1 February – Candlemas Eve
If you haven't taken down your Christmas decorations yet then don't worry, you're just following the medieval and Tudor tradition of taking them down on Candlemas Eve. 1st February was the traditional day for removing the greenery, such as laurel, holly, ivy and rosemary, which had decorated homes over the Christmas period. However, Candlemas Eve really is your last chance to rid your home of decorations and please don't leave them up otherwise you may just get invaded by goblins!
Down with the rosemary, and so
Down with the bays and misletoe;
Down with the holly, ivy, all,
Wherewith ye dress'd the Christmas Hall:
That so the superstitious find
No one least branch there left behind:
For look, how many leaves there be
Neglected, there (maids, trust to me)
So many goblins you shall see.
From Robert Herrick's 17th century poem Ceremony Upon Candlemas Eve.
2 February – Candlemas
Candlemas, also known as the Feast of the Presentation of Christ in the Temple and the Purification of the Blessed Virgin, commemorates the purification (or churching, as medieval people would have seen it) of the Virgin Mary forty days after the birth of Jesus Christ, when it was traditional for the mother to make an offering or sacrifice according to Jewish law, and the presentation of the baby Jesus at the temple in Bethlehem. Luke the Evangelist recorded this in his Gospel, Luke 2: 22-39:
And when the days of her purification according to the law of Moses were accomplished, they brought him to Jerusalem, to present him to the Lord; (As it is written in the law of the Lord, Every male that openeth the womb shall be called holy to the Lord;) And to offer a sacrifice according to that which is said in the law of the Lord, A pair of turtledoves, or two young pigeons. And, behold, there was a man in Jerusalem, whose name was Simeon; and the same man was just and devout, waiting for the consolation of Israel: and the Holy Ghost was upon him. And it was revealed unto him by the Holy Ghost, that he should not see death, before he had seen the Lord's Christ. And he came by the Spirit into the temple: and when the parents brought in the child Jesus, to do for him after the custom of the law, Then took he him up in his arms, and blessed God, and said, Lord, now lettest thou thy servant depart in peace, according to thy word: For mine eyes have seen thy salvation, Which thou hast prepared before the face of all people; A light to lighten the Gentiles, and the glory of thy people Israel. And Joseph and his mother marvelled at those things which were spoken of him. And Simeon blessed them, and said unto Mary his mother, Behold, this child is set for the fall and rising again of many in Israel; and for a sign which shall be spoken against; (Yea, a sword shall pierce through thy own soul also,) that the thoughts of many hearts may be revealed. And there was one Anna, a prophetess, the daughter of Phanuel, of the tribe of Aser: she was of a great age, and had lived with a husband seven years from her virginity; And she was a widow of about fourscore and four years, which departed not from the temple, but served God with fastings and prayers night and day. And she coming in that instant gave thanks likewise unto the Lord, and spake of him to all them that looked for redemption in Jerusalem. And when they had performed all things according to the law of the Lord, they returned into Galilee, to their own city Nazareth.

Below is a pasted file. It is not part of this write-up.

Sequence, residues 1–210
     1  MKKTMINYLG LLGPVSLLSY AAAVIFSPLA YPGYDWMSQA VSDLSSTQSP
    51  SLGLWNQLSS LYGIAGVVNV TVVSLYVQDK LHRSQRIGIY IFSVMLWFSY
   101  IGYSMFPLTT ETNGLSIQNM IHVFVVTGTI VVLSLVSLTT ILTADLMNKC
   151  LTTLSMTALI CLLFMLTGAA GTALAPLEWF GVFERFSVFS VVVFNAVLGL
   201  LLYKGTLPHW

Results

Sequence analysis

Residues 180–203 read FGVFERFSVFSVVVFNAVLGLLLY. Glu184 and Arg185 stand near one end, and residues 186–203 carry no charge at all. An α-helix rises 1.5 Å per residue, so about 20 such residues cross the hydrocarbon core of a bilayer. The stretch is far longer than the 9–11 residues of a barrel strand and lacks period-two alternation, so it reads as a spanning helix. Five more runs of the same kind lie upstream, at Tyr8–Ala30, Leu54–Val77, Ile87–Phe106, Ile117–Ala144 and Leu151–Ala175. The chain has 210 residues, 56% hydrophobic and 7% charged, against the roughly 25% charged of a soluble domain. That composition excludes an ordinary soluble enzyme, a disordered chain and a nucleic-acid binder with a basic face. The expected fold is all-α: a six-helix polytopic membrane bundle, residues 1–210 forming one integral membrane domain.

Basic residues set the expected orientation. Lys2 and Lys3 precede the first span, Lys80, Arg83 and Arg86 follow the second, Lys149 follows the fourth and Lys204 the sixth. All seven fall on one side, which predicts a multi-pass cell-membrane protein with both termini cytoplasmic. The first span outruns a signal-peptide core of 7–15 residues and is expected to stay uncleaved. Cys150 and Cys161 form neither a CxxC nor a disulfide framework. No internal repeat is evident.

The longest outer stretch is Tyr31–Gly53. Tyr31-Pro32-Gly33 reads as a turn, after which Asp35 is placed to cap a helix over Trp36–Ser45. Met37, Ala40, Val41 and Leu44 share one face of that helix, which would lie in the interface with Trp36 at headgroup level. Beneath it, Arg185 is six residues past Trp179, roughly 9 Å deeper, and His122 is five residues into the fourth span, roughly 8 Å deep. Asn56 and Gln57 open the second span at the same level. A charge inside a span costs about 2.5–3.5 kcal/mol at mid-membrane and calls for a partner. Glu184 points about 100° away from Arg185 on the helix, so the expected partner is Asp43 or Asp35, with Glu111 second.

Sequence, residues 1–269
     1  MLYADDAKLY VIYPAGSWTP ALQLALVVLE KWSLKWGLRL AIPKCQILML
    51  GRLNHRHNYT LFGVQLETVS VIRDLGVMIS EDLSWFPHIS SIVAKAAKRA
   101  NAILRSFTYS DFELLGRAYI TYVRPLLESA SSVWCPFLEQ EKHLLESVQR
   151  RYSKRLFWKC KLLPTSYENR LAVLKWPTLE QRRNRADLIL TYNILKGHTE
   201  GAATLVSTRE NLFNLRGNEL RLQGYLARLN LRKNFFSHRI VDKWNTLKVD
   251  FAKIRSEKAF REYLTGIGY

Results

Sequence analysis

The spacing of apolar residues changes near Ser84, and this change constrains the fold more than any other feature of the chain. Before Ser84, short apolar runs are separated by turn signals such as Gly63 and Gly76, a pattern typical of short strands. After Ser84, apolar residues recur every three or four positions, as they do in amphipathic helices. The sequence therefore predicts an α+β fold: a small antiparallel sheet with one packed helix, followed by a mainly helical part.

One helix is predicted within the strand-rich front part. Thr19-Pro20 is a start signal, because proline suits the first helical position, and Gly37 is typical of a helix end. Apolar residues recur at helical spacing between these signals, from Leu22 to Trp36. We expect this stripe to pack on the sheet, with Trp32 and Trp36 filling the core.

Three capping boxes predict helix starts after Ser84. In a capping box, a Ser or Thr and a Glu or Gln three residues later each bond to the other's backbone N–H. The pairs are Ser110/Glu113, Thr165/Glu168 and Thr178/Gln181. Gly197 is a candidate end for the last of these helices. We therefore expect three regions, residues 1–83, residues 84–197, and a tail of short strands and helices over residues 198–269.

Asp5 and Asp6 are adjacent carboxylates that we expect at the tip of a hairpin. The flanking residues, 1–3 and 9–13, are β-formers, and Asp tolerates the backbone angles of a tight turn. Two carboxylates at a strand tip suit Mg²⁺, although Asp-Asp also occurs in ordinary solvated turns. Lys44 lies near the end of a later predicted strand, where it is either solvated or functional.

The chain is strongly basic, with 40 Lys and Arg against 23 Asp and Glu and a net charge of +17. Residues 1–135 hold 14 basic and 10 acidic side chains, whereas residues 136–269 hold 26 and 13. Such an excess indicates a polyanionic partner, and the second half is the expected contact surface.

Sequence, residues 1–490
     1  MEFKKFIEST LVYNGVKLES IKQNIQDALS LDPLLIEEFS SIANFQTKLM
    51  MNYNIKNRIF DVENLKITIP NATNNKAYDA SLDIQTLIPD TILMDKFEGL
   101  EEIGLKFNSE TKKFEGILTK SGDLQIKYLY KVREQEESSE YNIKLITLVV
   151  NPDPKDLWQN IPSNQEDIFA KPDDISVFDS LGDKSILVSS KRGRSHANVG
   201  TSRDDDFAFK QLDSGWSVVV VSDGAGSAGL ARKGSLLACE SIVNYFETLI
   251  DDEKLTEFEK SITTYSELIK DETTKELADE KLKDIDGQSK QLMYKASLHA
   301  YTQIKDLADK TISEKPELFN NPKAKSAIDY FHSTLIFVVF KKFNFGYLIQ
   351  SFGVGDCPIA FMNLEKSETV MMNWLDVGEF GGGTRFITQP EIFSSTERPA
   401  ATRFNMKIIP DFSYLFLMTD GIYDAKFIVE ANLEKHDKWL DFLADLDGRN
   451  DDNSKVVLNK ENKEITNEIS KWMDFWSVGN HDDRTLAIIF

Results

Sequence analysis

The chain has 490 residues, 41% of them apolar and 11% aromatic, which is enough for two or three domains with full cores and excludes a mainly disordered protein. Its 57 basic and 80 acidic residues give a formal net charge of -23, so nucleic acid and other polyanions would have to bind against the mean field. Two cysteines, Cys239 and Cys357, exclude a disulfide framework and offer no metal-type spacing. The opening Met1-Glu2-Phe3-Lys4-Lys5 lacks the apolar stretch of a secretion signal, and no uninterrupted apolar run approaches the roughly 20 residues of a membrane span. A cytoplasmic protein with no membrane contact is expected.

King James Version.
In his book The English Year, Steve Roud explains that, as the name suggests, Candlemas's “key element” was “the preponderance of candles”. Candles were blessed in church services and then carried around the parish, their light symbolising Christ lighting the way for his followers and harking back to Simeon's words recorded in Luke about Christ being “A light to lighten the Gentiles, and the glory of thy people Israel”. Ronald Hutton, in The Stations of the Sun, writes of how in the 15th and early 16th centuries the craft guilds of Aberdeen “provided pageants to accompany their members through the streets with their candles...” and that some towns and cities held municipal feasts and put on entertainment.
It appears that the practice of blessing candles was frowned upon after the Reformation, with Archbishop Thomas Cranmer writing to Bishop Bonner on 27th January 1548 informing him that the Lord Protector has decided “that no candles should be borne upon Candlemas Day, nor also from henceforth ashes or palms used any longer.” It was seen as superstitious.
3 February – Feast of St Blaise
St Blaise (Blaize, Blaze) was a Cappadocian bishop who became the English patron saint of wool-combers, as well as being the patron saint of wax-chandling and wild animals. On his feast day, wool combers would have special processions to celebrate their craft. St Blaise is also the patron saint of those with sore throats and people could (and still can in some Catholic churches) get their sore throats blessed on this day by the priest.
14 February – Valentine's Day